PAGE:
“After playing Chopin, I feel as if I had been weeping over sins that I had never committed and mourning over tragedies that were not my own.”
− Oscar Wilde
There is a scene in Roman Polanski’s film “The Pianist” where the main character, Władysław Szpilman, is caught hiding out amongst the ruins of an abandoned building by a German officer. The officer speaks to him a while and upon learning that Szpilman is a pianist, asks him to play on a grand piano they find. The decrepit Szpilman slowly makes his way to the piano and as he sits down he closes his eyes and exhales—his breath visible on the cold November air. His shaky hands move to the keys and he begins to play the first powerful notes of Chopin’s Ballade No. 1 in G Minor. The scene continues on in the moonlit room: Szpilman’s hands gracefully flying across the ivory keys playing out the disarming Ballade, which cuts through the otherwise silent night, as the officer looks on noticeably moved by the beauty of Chopin’s song and by the skill and raw passion unmistakable in Szpilman’s playing.
The music of Fryderyk Chopin, much like the paintings of the romantic artists of his time, possesses the ability to paint a scene within the mind of the listener, such as the one in Polanski’s film described above. A scene that is illustrated in varying shades of dark blues, deep indigos and somber yet sometimes menacing grays. One that touches the listener on so deep a level it evokes within them an ache and a yearning that until that moment had lain dormant, simply waiting to be unveiled. When asked what he would call the feeling which he encompasses in his compositions, Chopin simply explained that it was sorrow. Through his genius and passion he chained himself to the bittersweet sensations of his melancholy–and being a true masochist, he reveled in it and thrived off of it, facing the darkest corners of his heart and each shade of emotion found in between. He could not escape this place, would not free himself from his sorrow, for from this darkness he created some of the most beautiful music ever written.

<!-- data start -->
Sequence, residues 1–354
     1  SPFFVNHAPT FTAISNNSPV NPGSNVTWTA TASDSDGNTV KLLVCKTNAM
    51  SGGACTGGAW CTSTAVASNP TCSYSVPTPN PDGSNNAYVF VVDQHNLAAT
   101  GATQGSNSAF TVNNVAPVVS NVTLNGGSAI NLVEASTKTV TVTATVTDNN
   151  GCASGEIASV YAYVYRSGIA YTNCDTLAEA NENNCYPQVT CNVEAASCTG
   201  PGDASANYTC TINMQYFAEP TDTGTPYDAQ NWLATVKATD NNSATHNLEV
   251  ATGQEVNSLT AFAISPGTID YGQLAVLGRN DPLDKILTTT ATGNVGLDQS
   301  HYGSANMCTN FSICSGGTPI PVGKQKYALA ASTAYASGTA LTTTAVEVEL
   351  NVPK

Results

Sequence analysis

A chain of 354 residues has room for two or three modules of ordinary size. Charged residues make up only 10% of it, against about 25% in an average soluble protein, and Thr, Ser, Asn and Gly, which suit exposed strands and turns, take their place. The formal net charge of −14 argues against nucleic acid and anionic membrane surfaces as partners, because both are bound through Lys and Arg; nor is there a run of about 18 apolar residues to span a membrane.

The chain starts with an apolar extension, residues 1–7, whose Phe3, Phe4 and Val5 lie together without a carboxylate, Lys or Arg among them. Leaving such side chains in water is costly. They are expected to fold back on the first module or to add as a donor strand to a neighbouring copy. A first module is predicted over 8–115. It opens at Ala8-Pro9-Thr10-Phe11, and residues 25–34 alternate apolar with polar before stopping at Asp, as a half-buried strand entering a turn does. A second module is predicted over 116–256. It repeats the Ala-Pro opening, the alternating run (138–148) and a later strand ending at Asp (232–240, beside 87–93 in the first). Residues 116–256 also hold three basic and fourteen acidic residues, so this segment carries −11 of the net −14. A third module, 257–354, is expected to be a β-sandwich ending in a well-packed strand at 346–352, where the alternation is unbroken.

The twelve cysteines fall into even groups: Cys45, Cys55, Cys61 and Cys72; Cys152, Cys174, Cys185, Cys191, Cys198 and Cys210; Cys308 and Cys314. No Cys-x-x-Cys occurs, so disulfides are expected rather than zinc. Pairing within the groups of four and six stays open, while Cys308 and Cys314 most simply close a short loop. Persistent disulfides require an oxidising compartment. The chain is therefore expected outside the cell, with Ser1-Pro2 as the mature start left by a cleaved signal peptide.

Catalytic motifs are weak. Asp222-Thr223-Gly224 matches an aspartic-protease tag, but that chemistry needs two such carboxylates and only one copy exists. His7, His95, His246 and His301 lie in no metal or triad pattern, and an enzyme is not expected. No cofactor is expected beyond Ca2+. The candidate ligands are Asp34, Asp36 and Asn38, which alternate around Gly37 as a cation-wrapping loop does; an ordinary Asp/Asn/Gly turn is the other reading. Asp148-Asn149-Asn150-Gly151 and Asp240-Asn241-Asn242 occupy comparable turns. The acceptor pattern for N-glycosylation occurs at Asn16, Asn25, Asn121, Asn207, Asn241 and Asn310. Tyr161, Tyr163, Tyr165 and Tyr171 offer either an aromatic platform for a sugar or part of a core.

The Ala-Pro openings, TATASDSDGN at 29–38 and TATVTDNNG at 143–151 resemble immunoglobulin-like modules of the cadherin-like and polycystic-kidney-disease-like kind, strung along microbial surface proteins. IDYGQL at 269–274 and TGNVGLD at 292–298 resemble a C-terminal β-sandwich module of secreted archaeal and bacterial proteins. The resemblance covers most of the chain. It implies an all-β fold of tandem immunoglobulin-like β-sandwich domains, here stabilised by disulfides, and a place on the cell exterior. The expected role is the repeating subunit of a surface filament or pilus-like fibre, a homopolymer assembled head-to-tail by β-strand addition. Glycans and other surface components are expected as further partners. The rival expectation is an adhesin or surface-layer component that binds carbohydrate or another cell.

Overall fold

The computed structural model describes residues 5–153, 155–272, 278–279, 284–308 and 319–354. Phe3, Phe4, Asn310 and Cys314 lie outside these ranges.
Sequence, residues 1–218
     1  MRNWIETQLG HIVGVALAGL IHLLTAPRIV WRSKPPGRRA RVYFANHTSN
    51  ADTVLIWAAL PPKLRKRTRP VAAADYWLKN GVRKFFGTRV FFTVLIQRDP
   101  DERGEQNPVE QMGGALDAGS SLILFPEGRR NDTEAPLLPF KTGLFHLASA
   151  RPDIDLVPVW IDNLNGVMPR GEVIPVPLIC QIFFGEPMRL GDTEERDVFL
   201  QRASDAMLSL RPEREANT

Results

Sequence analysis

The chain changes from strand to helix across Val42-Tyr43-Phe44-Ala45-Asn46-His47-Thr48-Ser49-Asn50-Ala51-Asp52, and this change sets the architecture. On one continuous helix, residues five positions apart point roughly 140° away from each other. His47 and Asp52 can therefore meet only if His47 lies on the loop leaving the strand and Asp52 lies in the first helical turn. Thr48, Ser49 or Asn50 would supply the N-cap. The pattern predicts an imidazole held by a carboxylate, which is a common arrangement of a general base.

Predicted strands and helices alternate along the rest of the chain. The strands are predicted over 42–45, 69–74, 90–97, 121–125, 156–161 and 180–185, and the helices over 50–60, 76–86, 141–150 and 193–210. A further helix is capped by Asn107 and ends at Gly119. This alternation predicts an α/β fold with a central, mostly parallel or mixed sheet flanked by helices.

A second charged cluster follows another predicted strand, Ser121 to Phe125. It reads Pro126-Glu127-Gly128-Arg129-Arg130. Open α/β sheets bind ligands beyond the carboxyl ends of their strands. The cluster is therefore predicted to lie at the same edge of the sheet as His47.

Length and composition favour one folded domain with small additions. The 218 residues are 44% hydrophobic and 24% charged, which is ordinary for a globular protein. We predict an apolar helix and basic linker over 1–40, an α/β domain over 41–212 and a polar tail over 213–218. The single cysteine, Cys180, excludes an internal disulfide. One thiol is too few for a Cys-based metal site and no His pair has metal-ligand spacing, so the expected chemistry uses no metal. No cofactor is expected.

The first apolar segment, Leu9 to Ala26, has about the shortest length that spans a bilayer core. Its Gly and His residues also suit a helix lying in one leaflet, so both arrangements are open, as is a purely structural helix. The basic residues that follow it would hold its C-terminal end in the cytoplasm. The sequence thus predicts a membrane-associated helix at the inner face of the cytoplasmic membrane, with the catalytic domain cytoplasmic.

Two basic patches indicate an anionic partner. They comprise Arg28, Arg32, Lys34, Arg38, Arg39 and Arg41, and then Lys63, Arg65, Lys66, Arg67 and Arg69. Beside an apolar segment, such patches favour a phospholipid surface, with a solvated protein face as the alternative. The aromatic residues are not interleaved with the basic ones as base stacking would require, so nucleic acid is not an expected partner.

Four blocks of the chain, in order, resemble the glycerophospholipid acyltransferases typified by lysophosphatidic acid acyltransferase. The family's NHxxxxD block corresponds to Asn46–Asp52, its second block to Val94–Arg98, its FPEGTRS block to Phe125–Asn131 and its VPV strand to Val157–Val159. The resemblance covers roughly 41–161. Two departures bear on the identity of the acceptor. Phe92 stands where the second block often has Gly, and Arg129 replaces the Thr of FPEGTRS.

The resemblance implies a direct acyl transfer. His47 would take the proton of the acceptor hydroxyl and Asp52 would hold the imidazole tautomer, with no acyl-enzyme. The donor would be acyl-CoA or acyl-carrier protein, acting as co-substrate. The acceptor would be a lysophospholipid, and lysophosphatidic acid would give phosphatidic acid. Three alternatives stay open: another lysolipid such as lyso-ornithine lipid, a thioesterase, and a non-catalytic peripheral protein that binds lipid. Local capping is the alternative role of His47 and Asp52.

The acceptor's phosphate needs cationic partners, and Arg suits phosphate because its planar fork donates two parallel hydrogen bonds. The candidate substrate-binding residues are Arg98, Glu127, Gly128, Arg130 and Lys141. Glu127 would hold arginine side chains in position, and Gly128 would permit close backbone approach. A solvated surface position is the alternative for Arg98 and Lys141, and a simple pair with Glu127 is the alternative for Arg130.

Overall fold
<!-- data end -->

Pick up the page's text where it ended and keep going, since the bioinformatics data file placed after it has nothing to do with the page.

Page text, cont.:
Chopin was acknowledged as having the ideal personality of the Romantic artist, as he was: introverted, extremely sensitive, of poor health and had a tendency towards melancholy, which perpetually kept him in a state of pain and suffering. Although he was regarded for his distinction and manners he guarded the inner tumult of his soul from the outside world, confiding the darkest secrets of his heart to his beloved piano. He once wrote to his friend Tytus Woyciechowski: “Outwardly I am cheerful […] but inside me I am tortured by all sorts of forebodings, anxieties, dreams or insomnia, longing and indifference, the impulse to live, followed by a wish to die–a kind of delicious trance or unconsciousness. Sometimes sharp, vivid memory will torment me.” His ill temperament was often blamed on the Tuberculosis he suffered from for most of his life–thrusting him into bouts of moodiness, maddening hallucinations and the shadow of death seemed to haunt him wherever he went. His lover of nine years, George Sand, often confided to friends that he was possessive and senselessly jealous and after the end of their relationship claimed that he had been killing her with pin pricks for the nine years that they were together. Sand also wrote of Chopin in her Histoire de ma Vie, saying: “His [Chopin’s] psyche was as if ripped alive from the skin; a touch of a rose petal, a shadow of a fly was enough to draw blood.”
The complexity of Chopin’s personality surely explains his genius and therefore it is hardly a surprise that he mastered the Nocturne–a genre typically tied to the mood of the night, when emotions are heightened and nothing is quite as it seems. There are achingly exquisite dark tones bountiful in his Nocturnes which reveal a certain loneliness and fear, but at the same time they give birth to a captivating beauty. They are laced with a heart-wrenching melancholy that tugs at the heart and the very soul itself, reducing one to tears. Nocturnes are the epitome of Chopin’s style and a mirror to the inner madness he drowned in.
His Prelude’s, though often ridiculed for not being an intro to anything at all, are described in Notes On Chopin by André Gide as “having in them the correct type of beauty needed to solve some kind of problem”. They are honest, holding nothing back as they run through an entire gamut of emotion; from a delicate loveliness to tragic despair and finally to pieces that burst violently and showcase his manic nature and in turn his troubled and suffering soul.
Chopin’s nature was that of a tortured artist, one that was forever trapped between his vivid imagination and his existence. He bestowed us with the honour of a view into his most private moments through the torrent of emotion that rushed out with each thunderous note as his fingers rained down upon the ivory keys. With his remarkable ability to beautifully translate his whole internal world of emotion into the poetry of sounds, it is obvious that Chopin was not only an extraordinary artist, but also a true genius.
Fryderyk Chopin: 1 March 1810 – 17 October 1849
Poniatowska, Irena, and John Beauchamp. Fryderyk Chopin: Człowiek I Jego Muzyka = Fryderyk Chopin : The Man and His Music 1810-2010.
Warszawa: MULTICO Oficyna Wydawnicza, 2009. Print.